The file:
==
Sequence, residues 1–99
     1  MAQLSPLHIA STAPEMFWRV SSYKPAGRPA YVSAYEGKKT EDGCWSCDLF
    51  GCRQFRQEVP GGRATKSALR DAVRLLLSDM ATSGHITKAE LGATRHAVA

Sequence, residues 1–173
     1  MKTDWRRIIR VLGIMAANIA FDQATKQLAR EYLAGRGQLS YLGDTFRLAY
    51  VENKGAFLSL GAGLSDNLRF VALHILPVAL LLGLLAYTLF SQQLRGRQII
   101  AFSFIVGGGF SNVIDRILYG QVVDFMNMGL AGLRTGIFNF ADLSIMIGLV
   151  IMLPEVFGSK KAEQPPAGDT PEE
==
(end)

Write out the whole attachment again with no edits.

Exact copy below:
Sequence, residues 1–99
     1  MAQLSPLHIA STAPEMFWRV SSYKPAGRPA YVSAYEGKKT EDGCWSCDLF
    51  GCRQFRQEVP GGRATKSALR DAVRLLLSDM ATSGHITKAE LGATRHAVA

Sequence, residues 1–173
     1  MKTDWRRIIR VLGIMAANIA FDQATKQLAR EYLAGRGQLS YLGDTFRLAY
    51  VENKGAFLSL GAGLSDNLRF VALHILPVAL LLGLLAYTLF SQQLRGRQII
   101  AFSFIVGGGF SNVIDRILYG QVVDFMNMGL AGLRTGIFNF ADLSIMIGLV
   151  IMLPEVFGSK KAEQPPAGDT PEE